You also have to remember that as the aircraft rises it will be consuming fuel reducing the thrust that is required to maintain a constant upward acceleration. Also as you do this to maintain a steady acceleration you must reduce the thrust to maintain the same thrust to weight ratio.
     
  9. Oct 21, 2005 #8

    Pengwuino

    User Avatar
    Gold Member

    I think they accelerate up as fast as possible (as opposed to steady acceleration) because you can only hover for a limited time. They can (although I may very well be wrong because I remember someone saying something contrary to this idea) hover for about 45 seconds because they have a limited supply of water to cool the engine which would normally be done by the passing air in flight.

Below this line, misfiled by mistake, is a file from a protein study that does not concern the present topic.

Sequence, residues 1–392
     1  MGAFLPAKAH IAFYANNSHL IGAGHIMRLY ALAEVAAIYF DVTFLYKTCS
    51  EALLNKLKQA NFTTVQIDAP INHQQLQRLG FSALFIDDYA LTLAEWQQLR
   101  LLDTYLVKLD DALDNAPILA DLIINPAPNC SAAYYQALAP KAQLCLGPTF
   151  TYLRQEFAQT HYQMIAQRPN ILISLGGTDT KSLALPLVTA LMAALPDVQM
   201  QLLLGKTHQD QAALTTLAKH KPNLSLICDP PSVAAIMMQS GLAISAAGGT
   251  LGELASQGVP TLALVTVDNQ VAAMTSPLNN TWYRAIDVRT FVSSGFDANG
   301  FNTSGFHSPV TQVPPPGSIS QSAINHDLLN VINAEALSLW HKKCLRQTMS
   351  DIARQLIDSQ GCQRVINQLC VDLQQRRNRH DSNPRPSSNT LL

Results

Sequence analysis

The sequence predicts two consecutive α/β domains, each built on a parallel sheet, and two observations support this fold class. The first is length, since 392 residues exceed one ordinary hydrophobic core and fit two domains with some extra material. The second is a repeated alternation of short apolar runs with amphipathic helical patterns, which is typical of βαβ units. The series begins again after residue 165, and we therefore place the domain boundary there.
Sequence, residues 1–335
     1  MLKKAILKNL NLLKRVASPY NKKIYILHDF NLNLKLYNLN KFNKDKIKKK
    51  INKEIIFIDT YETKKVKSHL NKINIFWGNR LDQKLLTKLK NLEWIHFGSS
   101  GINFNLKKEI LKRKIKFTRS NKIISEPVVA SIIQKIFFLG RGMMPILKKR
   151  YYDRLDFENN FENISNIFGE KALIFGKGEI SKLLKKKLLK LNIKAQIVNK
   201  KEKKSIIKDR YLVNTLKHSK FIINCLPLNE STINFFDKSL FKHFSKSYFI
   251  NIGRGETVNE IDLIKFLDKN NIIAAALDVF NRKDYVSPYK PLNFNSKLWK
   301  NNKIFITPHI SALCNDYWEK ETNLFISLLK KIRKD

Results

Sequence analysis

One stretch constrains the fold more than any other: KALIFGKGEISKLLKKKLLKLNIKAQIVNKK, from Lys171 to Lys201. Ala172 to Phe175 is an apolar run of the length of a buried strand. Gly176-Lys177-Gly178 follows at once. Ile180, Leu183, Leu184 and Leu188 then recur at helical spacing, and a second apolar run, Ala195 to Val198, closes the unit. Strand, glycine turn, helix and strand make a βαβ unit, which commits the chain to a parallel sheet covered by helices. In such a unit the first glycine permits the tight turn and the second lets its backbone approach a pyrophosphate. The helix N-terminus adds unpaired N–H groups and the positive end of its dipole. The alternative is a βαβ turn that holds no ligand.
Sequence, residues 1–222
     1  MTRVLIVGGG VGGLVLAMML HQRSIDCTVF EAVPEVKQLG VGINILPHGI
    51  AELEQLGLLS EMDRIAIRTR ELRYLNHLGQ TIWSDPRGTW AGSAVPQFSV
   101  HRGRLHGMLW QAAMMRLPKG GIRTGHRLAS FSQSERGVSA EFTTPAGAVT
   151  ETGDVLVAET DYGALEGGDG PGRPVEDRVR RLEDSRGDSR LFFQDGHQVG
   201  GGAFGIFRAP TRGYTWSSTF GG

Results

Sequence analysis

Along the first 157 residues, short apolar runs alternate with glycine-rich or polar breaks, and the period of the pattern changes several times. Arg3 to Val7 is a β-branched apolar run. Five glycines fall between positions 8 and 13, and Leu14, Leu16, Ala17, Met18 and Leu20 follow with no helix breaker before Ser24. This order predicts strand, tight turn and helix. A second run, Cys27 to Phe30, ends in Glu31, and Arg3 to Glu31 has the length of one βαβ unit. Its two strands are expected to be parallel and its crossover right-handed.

10. Nov 4, 2005 #9
    ......It can hover for more than 45 sec. I went to two air shows that had Harriers and one of them was still at about 100-150 feet altitude in front of the crowd for at least 1 min then it slowly turned around and after about 2-3 min of downward thrust it started slowly to move forward until it achieved the required speed to use only the back thrust.
    .....I could not find how much a Harrier consumes at 100 thrust off google.
    Either way it would not be 1 gal/sec like some one mentioned to me would it?
     
  11. Nov 4, 2005 #10

    russ_watters

    User Avatar

    Staff: Mentor

    Well, the Harrier carries about 1000 gallons of internal fuel alone. At a gallon a second, that's more than 15 minutes. It does seem a little high for the consumption rate, but it's conceivable.
     
  12. Nov 4, 2005 #11

    Pengwuino

    User Avatar
    Gold Member

    Well beats me, i read it a long time ago after watching True Lies. Guess hollywood screwed me again.